Kaspersky PURE - PC review
Kaspersky has recently updated its range of security software to include the new Kaspersky PURE, an all-singing, all-dancing suite that does far more than simply protect against and remove threats.
Elevating this particular group of tools above many rivals are advantages such as a powerful password manager, data encryption, a file shredder and a safe run "sandbox" that creates a virtual environment from which to run suspect programs.
There are also parental controls, data backup and protection management for home networks, and of course all of these tools come in addition to the antivirus/malware protection Kaspersky is renowned for, along with a personal firewall, identity protection and application control.
All of these tools are presented in a clean interface that alerts you if any require attention, being split into Computer Protection, Backup, Parental Control and Security+. The Computer Protection component offers access to all scans and the majority of core control, which essentially lists each security element and directs you to the appropriate settings menu. This seems like a bit of a strange arrangement at first, and while it’s easy enough to delve down in more advanced settings if you know what you’re doing, it doesn’t come across as a particularly friendly way for new or inexperienced users to make adjustments.
There are a range of scan types available, each of which can be scheduled to run at a particular frequency. Scan speed is best described as "average", which is still some way behind the Quorum-inspired lightning speeds of Symantec’s new software but is timely enough to avoid frustrating delays. The software is light on resources during this process however, and as is typical of Kaspersky’s range, PURE offers an excellent level of threat protection and removal.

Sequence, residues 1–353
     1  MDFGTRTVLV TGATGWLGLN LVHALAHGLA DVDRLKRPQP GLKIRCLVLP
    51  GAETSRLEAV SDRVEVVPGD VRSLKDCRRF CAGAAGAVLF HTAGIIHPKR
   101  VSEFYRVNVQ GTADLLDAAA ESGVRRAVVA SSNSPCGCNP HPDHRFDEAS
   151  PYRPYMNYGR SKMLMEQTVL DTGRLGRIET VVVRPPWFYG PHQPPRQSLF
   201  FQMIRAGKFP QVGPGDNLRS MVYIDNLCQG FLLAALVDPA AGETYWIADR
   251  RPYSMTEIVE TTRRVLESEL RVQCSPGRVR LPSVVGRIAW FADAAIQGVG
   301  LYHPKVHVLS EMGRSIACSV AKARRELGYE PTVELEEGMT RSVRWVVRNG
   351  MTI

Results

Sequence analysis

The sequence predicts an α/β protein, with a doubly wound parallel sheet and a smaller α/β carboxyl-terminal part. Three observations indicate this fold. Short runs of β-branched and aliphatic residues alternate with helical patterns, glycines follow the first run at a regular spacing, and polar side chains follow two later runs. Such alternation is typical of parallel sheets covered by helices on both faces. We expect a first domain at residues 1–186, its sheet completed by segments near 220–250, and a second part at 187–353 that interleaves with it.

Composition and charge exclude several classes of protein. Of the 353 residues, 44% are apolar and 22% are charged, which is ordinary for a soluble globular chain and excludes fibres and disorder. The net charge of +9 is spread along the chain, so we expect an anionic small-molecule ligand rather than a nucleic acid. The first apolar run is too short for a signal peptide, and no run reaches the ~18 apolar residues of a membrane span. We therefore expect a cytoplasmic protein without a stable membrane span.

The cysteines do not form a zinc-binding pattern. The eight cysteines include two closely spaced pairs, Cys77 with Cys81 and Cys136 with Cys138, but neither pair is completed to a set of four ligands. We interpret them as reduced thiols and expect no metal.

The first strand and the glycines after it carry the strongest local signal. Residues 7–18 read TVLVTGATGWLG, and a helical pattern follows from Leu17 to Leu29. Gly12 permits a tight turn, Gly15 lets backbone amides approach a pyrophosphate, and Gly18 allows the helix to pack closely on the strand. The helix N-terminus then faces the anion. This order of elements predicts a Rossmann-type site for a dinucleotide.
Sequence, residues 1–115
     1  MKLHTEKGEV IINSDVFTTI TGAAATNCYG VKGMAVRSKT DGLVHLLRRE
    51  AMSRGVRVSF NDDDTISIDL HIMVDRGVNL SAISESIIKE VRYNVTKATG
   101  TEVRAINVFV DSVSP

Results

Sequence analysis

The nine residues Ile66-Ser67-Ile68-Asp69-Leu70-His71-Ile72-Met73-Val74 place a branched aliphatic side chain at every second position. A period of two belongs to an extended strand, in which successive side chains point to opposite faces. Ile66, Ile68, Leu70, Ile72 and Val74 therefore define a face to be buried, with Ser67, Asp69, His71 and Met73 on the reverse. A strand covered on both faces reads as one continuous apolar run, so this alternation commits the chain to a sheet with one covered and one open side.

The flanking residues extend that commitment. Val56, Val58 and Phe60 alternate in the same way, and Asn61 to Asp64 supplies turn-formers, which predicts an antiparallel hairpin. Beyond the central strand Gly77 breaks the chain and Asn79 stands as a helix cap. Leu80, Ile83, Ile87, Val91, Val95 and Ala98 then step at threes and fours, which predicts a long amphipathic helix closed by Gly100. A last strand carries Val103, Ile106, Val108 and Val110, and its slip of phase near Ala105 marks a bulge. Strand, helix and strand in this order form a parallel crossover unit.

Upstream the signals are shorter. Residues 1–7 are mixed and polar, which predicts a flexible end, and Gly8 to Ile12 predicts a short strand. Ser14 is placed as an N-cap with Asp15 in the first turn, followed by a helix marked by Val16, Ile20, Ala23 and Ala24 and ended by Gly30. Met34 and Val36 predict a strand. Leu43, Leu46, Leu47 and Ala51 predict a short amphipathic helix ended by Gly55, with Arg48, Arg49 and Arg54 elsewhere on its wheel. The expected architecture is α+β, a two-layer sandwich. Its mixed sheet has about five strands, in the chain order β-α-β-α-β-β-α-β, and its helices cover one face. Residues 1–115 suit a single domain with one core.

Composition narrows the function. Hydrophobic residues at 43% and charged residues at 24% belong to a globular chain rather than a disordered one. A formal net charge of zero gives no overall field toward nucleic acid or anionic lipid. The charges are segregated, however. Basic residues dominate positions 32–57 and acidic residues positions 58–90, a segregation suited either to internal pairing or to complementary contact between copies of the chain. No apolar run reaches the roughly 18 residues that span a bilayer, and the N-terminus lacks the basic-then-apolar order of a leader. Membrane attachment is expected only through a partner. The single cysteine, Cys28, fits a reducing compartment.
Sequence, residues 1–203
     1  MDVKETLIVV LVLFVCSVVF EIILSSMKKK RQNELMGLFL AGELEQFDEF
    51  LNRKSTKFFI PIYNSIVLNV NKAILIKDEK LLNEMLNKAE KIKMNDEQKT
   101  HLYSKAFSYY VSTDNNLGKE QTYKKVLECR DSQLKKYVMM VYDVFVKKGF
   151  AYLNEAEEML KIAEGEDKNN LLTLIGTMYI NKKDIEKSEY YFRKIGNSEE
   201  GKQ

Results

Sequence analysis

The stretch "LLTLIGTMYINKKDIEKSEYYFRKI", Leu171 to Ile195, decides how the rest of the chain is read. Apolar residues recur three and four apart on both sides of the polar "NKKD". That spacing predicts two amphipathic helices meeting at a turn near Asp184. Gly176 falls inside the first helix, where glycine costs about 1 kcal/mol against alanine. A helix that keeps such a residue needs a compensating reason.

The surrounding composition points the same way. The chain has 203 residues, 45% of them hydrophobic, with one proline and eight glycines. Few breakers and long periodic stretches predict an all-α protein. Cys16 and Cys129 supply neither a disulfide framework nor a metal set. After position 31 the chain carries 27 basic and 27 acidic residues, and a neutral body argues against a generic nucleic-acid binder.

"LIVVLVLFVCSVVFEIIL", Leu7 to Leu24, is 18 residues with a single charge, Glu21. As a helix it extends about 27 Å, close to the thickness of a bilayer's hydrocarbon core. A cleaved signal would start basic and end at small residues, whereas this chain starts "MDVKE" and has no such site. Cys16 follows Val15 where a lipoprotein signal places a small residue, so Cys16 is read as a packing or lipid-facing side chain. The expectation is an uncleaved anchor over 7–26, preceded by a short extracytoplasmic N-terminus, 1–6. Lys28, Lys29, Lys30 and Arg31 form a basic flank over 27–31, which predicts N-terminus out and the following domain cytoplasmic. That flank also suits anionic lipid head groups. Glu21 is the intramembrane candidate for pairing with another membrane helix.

Despite the fact that the Computer Protection component appears a little convoluted until you get used to the structure, other tools that beginners would typically require more control over are far easier to manage. Backup takes a wizard-based approach to quickly and easily create schedules or restore files, though only supports local or networked storage - there are no capabilities here to save files online. Parental controls predictably take some time to configure but the wide range of protection options available are presented in a clean, straightforward manner.
Finally, the Security+ collection offers basic tune-up tools, a virtual keyboard to protect against keyloggers and the aforementioned encryption and password management. The latter is particularly well organised and requires the creation of a master password to protect a database of logins that is gradually populated as you sign in to websites and services, automatically filling in the relevant details in the future on request.
The success of Kaspersky PURE will likely be dependant on how much the appeal of the additional tools compares to comprehensive rivals. It’s certainly capable of a similarly high level of protection, but the fact that the core security isn’t quite as easy to configure here suggests it wouldn’t be as suitable for inexperienced users as say, Norton 360.
Despite offering an impressive degree of protection against modern threats and some genuinely useful additions, there are some holes in Kaspersky PURE’s armour that prevent it from really pushing the industry leaders. At £54.99 (£69.99 for 3 PCs) you’re paying quite a bit extra for the additional tools as well, so those considering a purchase would really need to get the most from the package.